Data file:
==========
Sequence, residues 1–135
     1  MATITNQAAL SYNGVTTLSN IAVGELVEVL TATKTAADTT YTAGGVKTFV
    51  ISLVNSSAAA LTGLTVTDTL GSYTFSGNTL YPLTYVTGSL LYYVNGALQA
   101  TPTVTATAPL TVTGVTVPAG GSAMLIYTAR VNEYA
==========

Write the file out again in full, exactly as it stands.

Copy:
Sequence, residues 1–135
     1  MATITNQAAL SYNGVTTLSN IAVGELVEVL TATKTAADTT YTAGGVKTFV
    51  ISLVNSSAAA LTGLTVTDTL GSYTFSGNTL YPLTYVTGSL LYYVNGALQA
   101  TPTVTATAPL TVTGVTVPAG GSAMLIYTAR VNEYA